Until October of 1962 when the Cuban Missile Crisis happened things had calmed down and the need for fallout shelters and Civil Defense seemed to have dissipated. On October 29, 1962 city and county officials were informed of precautionary measures needed to prepare against any emergency from the Missile Crisis. Evacuation of Winston-Salem would only be an option if Winston-Salem was a target, but "What is in Winston-Salem that anyone would want to bomb (A. Beamon remembering what his mother told him when he asked if Winston-Salem was a target)?" Admiral Howe cited that there were less than 200 home shelters in Forsyth County and instructed the public to turn to the Conelrad broadcasts in case of emergency. Three days later after the tensions in the Cuban Missile Crisis had subsided the interests in fallout shelters were still skyrocketing (29 Oct. 1962). By the early part of 1963 things were already starting to calm down again. There was a meeting of the CD leaders of Winston-Salem, Greensboro and High Point on February 9 and after that the Winston-Salem Journal only reports Civil Defense meeting changes and relocations of the offices.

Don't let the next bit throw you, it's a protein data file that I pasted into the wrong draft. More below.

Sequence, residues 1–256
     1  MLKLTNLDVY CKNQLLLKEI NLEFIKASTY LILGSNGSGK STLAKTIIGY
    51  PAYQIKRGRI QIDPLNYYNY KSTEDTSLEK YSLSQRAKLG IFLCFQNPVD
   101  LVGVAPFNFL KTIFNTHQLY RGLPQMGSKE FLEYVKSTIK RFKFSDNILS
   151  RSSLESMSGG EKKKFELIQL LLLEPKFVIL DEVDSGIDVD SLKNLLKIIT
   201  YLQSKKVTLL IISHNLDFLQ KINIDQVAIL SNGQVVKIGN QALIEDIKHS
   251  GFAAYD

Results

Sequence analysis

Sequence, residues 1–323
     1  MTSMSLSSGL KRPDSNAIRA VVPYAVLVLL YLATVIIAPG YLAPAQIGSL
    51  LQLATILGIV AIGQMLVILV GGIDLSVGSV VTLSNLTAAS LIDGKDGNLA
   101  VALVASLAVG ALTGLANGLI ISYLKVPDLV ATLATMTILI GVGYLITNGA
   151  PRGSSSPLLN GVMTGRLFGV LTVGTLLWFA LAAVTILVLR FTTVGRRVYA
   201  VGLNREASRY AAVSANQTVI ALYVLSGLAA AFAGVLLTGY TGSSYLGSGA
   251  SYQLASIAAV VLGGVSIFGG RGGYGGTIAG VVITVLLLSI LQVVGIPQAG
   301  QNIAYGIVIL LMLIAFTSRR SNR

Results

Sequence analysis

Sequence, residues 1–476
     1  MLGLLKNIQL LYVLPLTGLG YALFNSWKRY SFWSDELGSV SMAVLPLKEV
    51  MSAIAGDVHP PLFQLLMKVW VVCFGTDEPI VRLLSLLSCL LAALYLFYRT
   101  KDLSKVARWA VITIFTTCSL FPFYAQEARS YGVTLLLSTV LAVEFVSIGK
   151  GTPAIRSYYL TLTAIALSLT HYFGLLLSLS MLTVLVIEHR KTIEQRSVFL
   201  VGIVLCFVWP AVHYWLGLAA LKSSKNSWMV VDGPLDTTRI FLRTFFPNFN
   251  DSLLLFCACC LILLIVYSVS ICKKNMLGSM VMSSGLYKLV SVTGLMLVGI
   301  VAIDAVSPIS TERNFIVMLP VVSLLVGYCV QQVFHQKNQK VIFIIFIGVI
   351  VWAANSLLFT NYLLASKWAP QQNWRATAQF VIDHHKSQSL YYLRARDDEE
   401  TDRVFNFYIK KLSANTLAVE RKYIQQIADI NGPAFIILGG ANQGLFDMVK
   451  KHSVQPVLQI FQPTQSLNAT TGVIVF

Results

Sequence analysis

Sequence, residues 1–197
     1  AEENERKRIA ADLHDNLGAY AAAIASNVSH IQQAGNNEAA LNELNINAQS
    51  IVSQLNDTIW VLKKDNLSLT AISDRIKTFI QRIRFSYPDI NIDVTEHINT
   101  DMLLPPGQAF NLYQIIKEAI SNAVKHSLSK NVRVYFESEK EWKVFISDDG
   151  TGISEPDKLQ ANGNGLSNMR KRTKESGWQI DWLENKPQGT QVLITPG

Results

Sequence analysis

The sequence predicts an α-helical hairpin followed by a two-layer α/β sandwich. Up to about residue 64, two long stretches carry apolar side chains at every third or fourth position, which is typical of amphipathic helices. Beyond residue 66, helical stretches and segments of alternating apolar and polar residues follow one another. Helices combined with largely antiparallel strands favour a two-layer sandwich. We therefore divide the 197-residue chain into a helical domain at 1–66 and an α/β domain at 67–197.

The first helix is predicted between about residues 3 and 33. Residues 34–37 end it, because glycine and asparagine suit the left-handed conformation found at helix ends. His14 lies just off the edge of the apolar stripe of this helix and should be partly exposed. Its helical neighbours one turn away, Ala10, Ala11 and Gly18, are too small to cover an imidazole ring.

Due to the decrease in the Civil Defense program it eventually came to a halt. After this there were no more articles about Civil Defense. There is no real transition period; there is no resurgence. The interest in Civil Defense just seems to disappear into thin air. The articles in the Journal follow a wave like pattern: anytime something major happens there is a resurgence in interest of the Civil Defense programs, but generally people tend to go on with their lives. The articles in the paper parallel the involvement of the people; at times there is a great interest, at other times there just isn't. Like anything else, Civil Defense just got old.